Genghis Khan: Destined to be a Hero

Arriving in this world with a blood clot in the palm of his hand , Genghis Khan was destined to be a hero. In 1167, Genghis Khan was born to Yisugei, Chieftain of the Kiyat-Borjigid, and his wife Ho’elun. He was named Temujin (which means blacksmith) after a Tatar Chieftain his father had just captured. … Read more

Crisis, Unrest, and the Possibility for Peace

True to many observers that since there hasn’t been any major conflicts to start the second half of the 20th century that there should be peace and prosperity in the world. The truth though shows a different picture of this time period. Prosperity was very prevelent in the world and many of the countries that … Read more

How the 1970s Shaped American History

The Nineteen Seventies was a pop culture decade. From Hippies to Disco and Saturday Night Fever to The Brady Bunch, the Seventies were full of cultural changes that shaped society for years to come. Although pop culture was important, many political outcomes also occurred. The Watergate scandal, the official end of the Vietnam conflict, and … Read more

Imperial Telecommunications

Imperialism has existed in the world since the beginning of government all together, but this practice took a dramatic turn in the latter half of the nineteenth century. New inventions, modern thinking, and stronger governments all made imperialism easier. Now thousands of miles could be conquered in a matter of months; an empire could have … Read more

Charlemagne, King of the Franks

Throughout history, there have been many good and bad rulers, from the bravery of Alexander the Great, to the madness of George III. None, however, helped shape European feudalism like Charlemagne, King of the Franks, First of the Holy Roman Emperors. His advancements in government were not his only advancements though. He created an educational … Read more

Hiroshima Essay

Up until August 6th, occasional bombs, which did no great damage had fallen on Hiroshima. Many cities roundabout, one after another were destroyed, but Hiroshima itself remained protected. There were daily observations of planes over the city, but none of them dropped a bomb. The citizens wondered why they alone, had remained undisturbed for such … Read more

Luther the Father of the Natzis

Anti-Semite. The word rests in a conversation like a foul stench and with it comes unbidden images and accusations. Today in many circles this word alone is possibly the most horrendous name to place on a person. Maybe though, not because of what it means, but because of what it brings to mind. Automatically and … Read more

Berlin Blockade

On June 26, 1948 the largest airlift began as the American and British forces began the Berlin Airlift. To understand how the airlift came to be, we have to look all the way back to the Yalta Conference. The Yalta Conference began in February 1945 in which the three superpowers, America, Russia and Britain, met … Read more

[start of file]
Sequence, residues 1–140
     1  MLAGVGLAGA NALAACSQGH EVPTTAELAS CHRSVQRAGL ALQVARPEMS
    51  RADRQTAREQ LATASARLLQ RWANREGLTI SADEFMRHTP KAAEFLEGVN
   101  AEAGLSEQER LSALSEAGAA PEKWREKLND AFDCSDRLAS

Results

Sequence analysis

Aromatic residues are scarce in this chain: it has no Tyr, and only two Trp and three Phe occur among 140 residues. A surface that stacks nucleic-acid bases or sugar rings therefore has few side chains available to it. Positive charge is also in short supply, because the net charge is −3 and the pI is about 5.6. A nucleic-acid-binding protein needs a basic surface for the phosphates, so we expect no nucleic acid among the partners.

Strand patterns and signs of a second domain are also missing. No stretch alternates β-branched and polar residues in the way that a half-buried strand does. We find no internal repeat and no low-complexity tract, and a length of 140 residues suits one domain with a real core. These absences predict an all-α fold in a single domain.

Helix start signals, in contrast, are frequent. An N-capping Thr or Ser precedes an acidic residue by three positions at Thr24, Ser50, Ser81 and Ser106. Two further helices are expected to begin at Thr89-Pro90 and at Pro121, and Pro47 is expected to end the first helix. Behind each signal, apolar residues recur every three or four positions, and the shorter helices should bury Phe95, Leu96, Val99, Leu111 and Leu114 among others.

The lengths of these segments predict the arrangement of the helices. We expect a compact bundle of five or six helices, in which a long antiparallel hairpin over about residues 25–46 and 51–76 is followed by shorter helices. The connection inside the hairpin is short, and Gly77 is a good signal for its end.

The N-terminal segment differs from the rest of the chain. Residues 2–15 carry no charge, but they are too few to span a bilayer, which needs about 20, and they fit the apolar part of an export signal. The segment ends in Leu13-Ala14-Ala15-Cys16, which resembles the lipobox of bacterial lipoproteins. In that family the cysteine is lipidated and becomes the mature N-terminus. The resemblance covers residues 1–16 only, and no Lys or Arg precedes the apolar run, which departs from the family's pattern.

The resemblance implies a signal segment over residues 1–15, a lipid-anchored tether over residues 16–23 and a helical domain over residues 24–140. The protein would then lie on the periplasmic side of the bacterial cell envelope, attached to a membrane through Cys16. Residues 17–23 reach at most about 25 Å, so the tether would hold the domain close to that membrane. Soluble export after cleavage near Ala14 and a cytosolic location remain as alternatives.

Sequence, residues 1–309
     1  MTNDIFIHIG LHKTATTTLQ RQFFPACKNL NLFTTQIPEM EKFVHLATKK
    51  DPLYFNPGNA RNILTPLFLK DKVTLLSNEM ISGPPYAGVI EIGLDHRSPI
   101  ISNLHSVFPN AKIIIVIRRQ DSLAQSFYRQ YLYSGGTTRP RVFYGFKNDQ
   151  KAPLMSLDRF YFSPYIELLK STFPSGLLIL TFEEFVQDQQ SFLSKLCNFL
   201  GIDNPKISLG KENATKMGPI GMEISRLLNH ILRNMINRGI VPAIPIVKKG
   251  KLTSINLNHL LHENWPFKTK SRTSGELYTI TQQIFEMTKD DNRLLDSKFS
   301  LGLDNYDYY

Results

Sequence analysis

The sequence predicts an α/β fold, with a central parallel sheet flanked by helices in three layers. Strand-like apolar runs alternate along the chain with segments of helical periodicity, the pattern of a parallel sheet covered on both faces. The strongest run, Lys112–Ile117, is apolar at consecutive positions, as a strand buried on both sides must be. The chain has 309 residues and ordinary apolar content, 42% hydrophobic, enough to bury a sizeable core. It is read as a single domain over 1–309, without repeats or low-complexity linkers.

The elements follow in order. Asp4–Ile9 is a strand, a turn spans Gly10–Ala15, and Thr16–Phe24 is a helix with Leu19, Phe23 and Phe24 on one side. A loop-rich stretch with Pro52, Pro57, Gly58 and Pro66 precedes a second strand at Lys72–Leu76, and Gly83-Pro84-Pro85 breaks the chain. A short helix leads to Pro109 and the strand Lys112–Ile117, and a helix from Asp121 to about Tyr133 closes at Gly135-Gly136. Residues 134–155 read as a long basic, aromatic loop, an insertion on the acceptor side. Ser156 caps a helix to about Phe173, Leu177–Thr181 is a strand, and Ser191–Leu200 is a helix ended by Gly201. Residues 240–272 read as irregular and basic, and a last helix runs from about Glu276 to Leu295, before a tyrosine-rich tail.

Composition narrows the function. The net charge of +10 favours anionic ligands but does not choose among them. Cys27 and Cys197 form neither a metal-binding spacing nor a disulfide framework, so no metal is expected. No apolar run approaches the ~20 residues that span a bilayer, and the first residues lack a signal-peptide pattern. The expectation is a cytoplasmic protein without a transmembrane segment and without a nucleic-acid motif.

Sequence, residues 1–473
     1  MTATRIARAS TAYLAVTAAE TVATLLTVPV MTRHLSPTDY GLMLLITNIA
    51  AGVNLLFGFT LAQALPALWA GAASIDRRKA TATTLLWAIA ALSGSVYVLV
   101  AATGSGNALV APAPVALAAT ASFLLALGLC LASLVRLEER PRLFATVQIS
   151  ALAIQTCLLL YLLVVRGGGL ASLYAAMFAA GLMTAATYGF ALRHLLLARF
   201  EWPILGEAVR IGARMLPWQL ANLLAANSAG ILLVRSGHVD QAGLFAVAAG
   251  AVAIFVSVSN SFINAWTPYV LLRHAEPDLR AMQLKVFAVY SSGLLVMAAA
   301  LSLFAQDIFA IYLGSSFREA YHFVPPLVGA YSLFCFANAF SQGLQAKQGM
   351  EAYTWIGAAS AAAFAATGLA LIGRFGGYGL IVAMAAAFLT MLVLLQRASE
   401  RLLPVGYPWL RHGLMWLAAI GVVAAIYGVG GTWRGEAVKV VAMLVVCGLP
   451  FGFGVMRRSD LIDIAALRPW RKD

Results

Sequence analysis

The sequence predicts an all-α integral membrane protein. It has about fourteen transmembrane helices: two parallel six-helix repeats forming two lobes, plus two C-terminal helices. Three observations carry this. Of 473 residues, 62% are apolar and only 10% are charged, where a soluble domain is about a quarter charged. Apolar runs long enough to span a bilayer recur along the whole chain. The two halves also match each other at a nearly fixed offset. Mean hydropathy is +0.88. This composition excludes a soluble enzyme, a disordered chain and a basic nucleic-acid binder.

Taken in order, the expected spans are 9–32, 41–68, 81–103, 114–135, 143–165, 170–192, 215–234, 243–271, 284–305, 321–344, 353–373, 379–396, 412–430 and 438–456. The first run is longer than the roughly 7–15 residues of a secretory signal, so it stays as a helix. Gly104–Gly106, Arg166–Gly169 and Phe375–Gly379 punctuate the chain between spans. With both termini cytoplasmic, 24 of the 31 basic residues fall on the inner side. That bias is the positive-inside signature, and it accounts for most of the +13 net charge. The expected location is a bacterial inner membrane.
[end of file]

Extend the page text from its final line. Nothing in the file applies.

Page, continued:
Dwight David Eisenhower

He was born in a small town called Deniso in western Texas in the year 1890 (Hargrove 22). Then he and his family moved to a railroad town called Abilene in the state of Kansas. Here Dwight Eisenhower grew upwith his 13 other family members. (Hargrove 19). Dwight David Eisenhower is one of Americas greatest … Read more

Nova Scotia

Nova Scotia, one of the three Maritime and one of the four Atlantic provinces of Canada, bordered on the north by the Bay of Fundy, the province of New Brunswick, Northumberland Strait, and the Gulf of Saint Lawrence and on the east, south, and west by the Atlantic Ocean. Nova Scotia consists primarily of a … Read more

Fort Pillow Attack

It is almost as difficult to find consistent information about the incident at Fort Pillow as it is to determine the moral significance of its outcome. Scholars disagree about exactly what transpired on April 12, 1864 at Fort Pillow, when General Nathan Bedford Forrest captured the fort with his 1,500 troops and claimed numerous Union … Read more

Crusades Essay

In the Middle Ages, Christians considered Palestine the Holy Land because it was where Jesus had lived and taught. The Arabs had conquered Palestine in the 600s. Most Arabs were Muslims, but they usually tolerated other religions. Jews and Christians who paid their taxes and observed other regulations were free to live in Palestine and … Read more

The Bubonic Plague in Europe

The Black Death in Europe was one of the continents worth natural disasters. The bubonic plague wiped out nearly 60% of the population, causing changes that took many years to recover. The effects of art are astonishing. Every person and social class were affected, the church lost prestige and power, as did the doctors and … Read more